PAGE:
At Renaissance Academy in Upton/Druid Heights, Antwon Cooper tries to make food available from the pantry whenever needed. He finds breakfast bars for tired and hungry children. He has packed a box of food and delivered it to a family who called seeking help on a weekend.
Sometimes Cooper, the school's parent and community liaison, finds during home visits that households contain little food. So he returns with groceries from the food pantry.
"My job is to help these students become better citizens," Cooper said. "Part of that is not having them worry about where they are going to get their next meal. If anybody should be a resource for these students and their families, it's the school."
The number of families classified by researchers as "food insecure" — meaning they lack reliable access to a sufficient quantity of affordable, nutritious food — grew when the recession hit and has not improved markedly since then.
In Maryland, 1 in 5 children, or about 260,000, struggle with food insecurity, the Maryland Food Bank found. Of those, 30,650 live in Baltimore. About 30 percent of Baltimore families are considered food insecure, according Children's HealthWatch, a network of pediatricians, public health researchers and policy experts.
The impact of hunger and food insecurity is not just physiological, said Maureen Black, a professor in the pediatrics department at the University of Maryland School of Medicine. Children also suffer when parents are so concerned about how to pay for the next meal that they neglect some of their other needs.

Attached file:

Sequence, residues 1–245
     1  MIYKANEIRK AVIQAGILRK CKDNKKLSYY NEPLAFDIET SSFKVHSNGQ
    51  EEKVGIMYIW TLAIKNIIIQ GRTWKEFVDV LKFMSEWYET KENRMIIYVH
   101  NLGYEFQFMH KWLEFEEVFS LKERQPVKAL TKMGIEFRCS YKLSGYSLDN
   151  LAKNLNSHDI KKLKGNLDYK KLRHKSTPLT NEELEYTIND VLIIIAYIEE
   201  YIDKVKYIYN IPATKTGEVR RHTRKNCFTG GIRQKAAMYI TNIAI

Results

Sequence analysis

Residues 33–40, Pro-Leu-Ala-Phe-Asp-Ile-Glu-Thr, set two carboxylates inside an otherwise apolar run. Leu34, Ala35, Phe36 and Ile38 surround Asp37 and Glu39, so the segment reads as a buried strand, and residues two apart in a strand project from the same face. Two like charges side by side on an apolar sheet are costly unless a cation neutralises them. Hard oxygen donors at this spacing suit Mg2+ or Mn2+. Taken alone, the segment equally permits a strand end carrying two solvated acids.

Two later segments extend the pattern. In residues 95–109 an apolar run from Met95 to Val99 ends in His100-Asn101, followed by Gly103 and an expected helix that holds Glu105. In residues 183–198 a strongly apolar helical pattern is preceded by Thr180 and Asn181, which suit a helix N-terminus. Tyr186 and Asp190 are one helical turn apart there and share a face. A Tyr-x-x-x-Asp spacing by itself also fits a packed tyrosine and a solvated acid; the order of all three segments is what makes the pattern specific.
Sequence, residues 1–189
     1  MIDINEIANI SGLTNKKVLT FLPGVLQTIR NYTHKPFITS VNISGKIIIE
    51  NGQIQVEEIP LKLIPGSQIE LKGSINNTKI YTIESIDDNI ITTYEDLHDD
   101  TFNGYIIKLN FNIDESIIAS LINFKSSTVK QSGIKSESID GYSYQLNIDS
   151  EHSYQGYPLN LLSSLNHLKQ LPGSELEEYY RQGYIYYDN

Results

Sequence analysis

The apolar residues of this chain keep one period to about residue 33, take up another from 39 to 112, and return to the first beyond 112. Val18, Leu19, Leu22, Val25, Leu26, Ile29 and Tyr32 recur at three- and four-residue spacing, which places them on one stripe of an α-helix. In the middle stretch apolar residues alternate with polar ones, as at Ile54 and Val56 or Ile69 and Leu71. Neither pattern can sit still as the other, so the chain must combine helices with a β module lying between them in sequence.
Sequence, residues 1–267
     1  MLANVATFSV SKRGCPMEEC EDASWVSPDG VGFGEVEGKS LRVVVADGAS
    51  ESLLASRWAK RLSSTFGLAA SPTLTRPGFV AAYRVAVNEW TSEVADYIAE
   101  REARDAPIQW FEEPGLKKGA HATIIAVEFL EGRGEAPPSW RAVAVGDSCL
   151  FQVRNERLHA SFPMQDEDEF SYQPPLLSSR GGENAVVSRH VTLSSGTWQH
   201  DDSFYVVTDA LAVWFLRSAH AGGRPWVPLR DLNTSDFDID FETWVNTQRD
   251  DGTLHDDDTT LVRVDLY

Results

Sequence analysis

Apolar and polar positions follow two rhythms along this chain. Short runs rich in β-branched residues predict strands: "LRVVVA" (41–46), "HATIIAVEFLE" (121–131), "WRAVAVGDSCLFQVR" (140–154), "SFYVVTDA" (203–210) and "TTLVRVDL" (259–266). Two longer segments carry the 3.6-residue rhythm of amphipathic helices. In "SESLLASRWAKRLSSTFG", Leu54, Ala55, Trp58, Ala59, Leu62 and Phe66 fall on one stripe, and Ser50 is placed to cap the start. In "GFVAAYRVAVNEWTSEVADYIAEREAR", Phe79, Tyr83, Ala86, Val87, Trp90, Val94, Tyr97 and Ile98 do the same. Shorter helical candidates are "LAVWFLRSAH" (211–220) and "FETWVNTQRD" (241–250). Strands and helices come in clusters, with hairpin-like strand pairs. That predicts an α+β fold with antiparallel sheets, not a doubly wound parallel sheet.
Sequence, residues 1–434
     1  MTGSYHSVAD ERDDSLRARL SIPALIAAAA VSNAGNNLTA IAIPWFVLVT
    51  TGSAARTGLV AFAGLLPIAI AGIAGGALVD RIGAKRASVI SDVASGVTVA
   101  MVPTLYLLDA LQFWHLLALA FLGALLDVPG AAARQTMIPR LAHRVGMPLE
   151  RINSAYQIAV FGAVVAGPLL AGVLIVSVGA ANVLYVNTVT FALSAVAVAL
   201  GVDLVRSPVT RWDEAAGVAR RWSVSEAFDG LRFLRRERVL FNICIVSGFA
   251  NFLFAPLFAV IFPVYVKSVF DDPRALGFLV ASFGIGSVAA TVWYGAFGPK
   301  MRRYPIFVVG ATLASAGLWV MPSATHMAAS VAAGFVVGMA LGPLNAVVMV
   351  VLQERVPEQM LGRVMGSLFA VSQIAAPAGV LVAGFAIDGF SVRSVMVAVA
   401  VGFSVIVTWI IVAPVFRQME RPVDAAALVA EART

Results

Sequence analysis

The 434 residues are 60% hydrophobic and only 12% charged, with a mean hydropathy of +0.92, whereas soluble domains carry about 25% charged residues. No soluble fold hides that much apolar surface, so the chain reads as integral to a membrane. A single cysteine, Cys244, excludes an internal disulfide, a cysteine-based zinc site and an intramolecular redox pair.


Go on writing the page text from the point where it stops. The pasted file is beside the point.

"Parents who are worried and anxious are less available," Black said. "They are less in tuned to how that child did on that spelling test."
Parents who struggle to make ends meet say the school-based food pantries help make life easier.
Rosa Lundy was one of the first to arrive at the Robert W. Coleman pantry recently, joining more than two dozen other families lined up outside on a day so bitterly cold that tiny hail balls and snow smacked their faces.
The families come every Friday, even in the worst of weather. Many don't have enough food to last them through the weekend.
"It helps tremendously," Lundy said. She lives with several grandchildren and their parents, who work low-paying jobs.
Once a week, the school converts a room typically used for dance class into a makeshift food pantry. Teachers and staff pass out bags packed with applesauce, canned vegetables, yogurt and other foods. On this recent Friday, families even took home a fresh turkey.
School food banks also have become a resource for the entire community.
Nearly three dozen people lined up outside the cafeteria at Featherbed Lane before its monthly pantry opened recently. Among them were a retired nurse and a school teacher aide who live on fixed incomes. They said that after paying bills, they don't always have enough left for food. They are grateful for the food bank.
"My pantry is empty," said Christine Wallace, 72, the retired nurse. "Literally empty."
Inside the cafeteria, Madeline Randle, dressed in a long black skirt and apron, scurried about filling bags. Each family would get three bags that day. One filled with meat, another produce and the last dessert.
"We got a lot of stuff today," Randle said when the pantry finally opened for business. "Cucumber, carrots, we even got cabbage."
Randle works as Featherbed's cafeteria manager, and she sees first hand when kids don't get enough to eat.
"It makes me smile to see kids eating," she said. "So many don't get enough."